State economists will predict Minnesota's financial future Tuesday, which Gov. Tim Walz said looks "materially better" than it did last spring as the pandemic took hold.
But with massive uncertainties about the course of the country's COVID-19 fight and other big political unknowns, the two new members of Walz's Cabinet charged with stewarding Minnesota's finances are warning that conditions could still shift.
"We don't know if the [Affordable Care Act] is going to get struck down by the Supreme Court. We don't know if there's going to be additional help to deal with the costs of the pandemic. … We don't know if the vaccine is going to be in wide distribution until this spring or later," Management and Budget Commissioner Jim Schowalter said.
Schowalter and Revenue Commissioner Robert Doty took over agencies that are shaping Minnesota's budget at one of the most uncertain times in state history. Both men have spent years balancing budgets — Schowalter worked in the same or similar roles with three other governors — but they are entering new terrain amid the COVID-19 pandemic.
"This budget is going to be different," Schowalter said.
An October analysis predicted there would be a $2.3 billion deficit in the current budget and a $5 billion gap in the next two-year budget. But those numbers did not account for the state collecting $805 million more in revenue than was predicted during the last forecast in May. If that trend continues, there's a chance this year's $2.3 billion gap could disappear.
But with so many unknowns, Doty said they are not eliminating any options to address financial challenges. Walz has said he is considering budget cuts, tax increases, fund shifts or using reserves.
In January, Walz must present his spending plan for the next two years. Then come months of debate with a divided Legislature, where Republicans control the Senate and Democrats lead the House.
Schowalter said he wants to avoid a repeat of 2011. State government shut down for 20 days that year as Dayton, a Democrat, and GOP legislators clashed over how to fill a $5 billion budget deficit.
"The last time the state had a deficit like this we ended up shutting down state government. So it's hard to say, 'Gosh, it worked really well,' " Schowalter said. "I'd like to do it better."
Senate Finance Committee Chairwoman Julie Rosen, R-Vernon Center, said frequent communication is essential.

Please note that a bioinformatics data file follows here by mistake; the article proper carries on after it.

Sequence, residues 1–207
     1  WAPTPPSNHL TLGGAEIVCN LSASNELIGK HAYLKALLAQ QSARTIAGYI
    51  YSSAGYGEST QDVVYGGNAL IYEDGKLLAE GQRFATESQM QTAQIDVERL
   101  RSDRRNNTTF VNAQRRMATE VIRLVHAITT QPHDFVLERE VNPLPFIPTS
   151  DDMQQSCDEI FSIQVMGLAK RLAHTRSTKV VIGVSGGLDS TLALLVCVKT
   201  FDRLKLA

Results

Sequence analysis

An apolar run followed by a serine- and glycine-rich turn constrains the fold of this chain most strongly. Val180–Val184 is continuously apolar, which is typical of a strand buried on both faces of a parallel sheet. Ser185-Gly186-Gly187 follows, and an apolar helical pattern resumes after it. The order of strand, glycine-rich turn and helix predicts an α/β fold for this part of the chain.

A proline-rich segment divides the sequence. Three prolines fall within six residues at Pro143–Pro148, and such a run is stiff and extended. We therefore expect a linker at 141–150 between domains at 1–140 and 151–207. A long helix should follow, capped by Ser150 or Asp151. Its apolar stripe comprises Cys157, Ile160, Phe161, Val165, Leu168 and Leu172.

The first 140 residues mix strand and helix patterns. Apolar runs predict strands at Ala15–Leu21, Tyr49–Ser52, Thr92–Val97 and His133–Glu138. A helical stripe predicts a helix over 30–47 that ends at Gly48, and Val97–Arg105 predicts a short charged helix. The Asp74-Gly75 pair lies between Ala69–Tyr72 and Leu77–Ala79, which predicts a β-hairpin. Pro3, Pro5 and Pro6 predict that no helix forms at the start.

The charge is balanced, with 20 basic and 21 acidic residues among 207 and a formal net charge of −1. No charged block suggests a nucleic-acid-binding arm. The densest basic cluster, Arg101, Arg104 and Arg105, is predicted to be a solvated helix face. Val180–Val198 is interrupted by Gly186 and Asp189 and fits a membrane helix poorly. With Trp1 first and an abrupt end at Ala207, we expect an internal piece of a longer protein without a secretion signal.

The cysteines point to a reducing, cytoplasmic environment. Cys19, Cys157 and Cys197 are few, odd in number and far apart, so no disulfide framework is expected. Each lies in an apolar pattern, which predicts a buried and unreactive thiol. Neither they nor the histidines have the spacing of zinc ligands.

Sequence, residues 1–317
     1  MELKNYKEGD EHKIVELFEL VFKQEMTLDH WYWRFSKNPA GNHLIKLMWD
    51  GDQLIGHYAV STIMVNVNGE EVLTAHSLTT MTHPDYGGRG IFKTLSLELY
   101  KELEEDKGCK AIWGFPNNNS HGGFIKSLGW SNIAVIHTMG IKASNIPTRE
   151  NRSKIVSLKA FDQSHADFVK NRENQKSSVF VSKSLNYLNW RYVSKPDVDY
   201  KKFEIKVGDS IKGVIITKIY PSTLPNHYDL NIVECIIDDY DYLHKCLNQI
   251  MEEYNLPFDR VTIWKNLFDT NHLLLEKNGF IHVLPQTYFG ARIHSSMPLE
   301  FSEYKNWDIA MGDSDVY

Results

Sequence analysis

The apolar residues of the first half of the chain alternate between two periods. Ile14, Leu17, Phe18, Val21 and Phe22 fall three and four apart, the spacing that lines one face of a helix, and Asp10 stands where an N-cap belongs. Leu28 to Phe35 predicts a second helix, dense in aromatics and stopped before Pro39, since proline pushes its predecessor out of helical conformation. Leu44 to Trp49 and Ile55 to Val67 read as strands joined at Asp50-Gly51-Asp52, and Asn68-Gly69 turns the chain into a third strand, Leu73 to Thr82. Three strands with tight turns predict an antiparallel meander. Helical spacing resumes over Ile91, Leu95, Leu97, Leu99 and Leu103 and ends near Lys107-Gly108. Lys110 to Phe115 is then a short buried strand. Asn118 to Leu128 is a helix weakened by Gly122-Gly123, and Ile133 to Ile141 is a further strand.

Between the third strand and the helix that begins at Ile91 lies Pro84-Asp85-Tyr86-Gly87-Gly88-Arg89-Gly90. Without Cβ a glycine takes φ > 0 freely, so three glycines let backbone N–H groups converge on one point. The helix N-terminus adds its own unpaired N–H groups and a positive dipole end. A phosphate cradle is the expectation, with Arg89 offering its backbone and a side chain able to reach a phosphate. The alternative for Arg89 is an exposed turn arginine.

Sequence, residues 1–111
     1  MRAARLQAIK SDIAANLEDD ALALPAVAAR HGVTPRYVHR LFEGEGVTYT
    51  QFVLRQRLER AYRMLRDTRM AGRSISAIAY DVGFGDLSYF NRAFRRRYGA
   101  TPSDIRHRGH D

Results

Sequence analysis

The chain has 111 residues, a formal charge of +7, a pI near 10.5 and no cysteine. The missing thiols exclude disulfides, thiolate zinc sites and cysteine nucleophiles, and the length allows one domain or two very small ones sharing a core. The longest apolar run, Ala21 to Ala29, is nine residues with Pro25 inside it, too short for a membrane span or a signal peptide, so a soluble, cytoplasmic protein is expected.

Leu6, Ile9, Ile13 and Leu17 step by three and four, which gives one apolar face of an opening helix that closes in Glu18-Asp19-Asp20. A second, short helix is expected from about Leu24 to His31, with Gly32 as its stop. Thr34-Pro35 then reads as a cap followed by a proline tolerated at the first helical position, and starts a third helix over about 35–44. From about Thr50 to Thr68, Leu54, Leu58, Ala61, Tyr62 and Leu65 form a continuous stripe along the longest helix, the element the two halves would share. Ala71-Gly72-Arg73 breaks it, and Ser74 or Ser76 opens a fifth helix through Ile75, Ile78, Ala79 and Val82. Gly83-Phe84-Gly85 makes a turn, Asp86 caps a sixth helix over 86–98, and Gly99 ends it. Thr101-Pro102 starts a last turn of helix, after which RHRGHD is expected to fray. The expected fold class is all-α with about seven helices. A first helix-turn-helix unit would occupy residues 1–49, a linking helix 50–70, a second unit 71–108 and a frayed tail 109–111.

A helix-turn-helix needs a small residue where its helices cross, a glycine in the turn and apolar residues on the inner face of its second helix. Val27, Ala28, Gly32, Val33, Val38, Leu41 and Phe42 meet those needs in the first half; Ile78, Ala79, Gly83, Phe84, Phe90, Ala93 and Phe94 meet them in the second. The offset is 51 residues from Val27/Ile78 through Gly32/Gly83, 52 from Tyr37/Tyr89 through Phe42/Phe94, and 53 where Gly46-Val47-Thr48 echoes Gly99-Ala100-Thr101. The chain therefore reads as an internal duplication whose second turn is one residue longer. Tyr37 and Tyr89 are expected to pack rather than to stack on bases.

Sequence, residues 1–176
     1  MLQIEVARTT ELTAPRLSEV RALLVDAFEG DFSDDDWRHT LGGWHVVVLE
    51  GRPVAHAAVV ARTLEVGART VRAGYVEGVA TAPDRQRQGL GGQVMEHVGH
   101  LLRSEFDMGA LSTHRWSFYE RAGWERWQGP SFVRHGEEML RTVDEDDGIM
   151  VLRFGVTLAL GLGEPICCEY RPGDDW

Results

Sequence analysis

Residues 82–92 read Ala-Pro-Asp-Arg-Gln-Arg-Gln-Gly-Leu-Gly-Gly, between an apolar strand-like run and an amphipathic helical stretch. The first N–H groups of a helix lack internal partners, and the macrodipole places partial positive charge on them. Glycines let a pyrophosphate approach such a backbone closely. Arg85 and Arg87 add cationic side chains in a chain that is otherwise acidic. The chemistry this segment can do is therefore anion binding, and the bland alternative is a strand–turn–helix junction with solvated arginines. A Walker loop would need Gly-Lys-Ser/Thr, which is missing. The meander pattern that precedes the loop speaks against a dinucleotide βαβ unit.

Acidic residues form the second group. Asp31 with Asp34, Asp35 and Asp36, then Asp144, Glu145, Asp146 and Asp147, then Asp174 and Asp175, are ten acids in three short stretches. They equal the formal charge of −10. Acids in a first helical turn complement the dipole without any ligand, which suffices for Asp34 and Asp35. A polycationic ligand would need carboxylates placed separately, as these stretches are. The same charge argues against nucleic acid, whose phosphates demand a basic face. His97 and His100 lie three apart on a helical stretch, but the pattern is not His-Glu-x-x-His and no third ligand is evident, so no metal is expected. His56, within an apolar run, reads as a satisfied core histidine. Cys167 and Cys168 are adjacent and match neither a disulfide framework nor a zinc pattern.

"That is the biggest problem and hitch we continually have with the administration is the lack of communication," Rosen said.
Doty tackled deficits when he was Minneapolis Public Schools' chief financial officer. It was like a microcosm of the state, he said: They had to balance different needs across the city and clearly explain the rationale behind tough choices.
For the past year and a half, Doty worked on tax policy and public engagement as an assistant commissioner at the Revenue Department. It was a new role for the agency, and he wants to continue that work by following up on suggestions from people who have been left out of the tax and budget process in the past. He declined to give specifics ahead of Walz's budget plan.
A brighter forecast on Tuesday would make that goal easier.
After months of Minnesotans spending more than expected and generating extra sales tax revenue, COVID-19 cases have spiked. Walz recently shut down bars and restaurants for a month.
But Schowalter said the closures and latest surge in cases had only a slight effect on the upcoming financial projection. The national and state economies weren't expected to grow much during the last projection in May, and that's largely still the case, he said.
"The key assumption has always been until we eliminate COVID-19 our economy will have a hard time doing anything good," he said. "As dramatic and important as it feels today, that long-term picture doesn't change much."
State leaders have a $2.4 billion budget reserve they can draw on. During the last recession, Schowalter was cautious about using those saved dollars. For someone in his job, the ideal situation is to leave the reserve intact so the state always has cash on hand to deal with surprises, he said.
"But it's there for a reason," he added. "It's a rainy-day fund, and it's raining as hard as it possibly can right now."
Staff writer Torey Van Oot contributed to this report.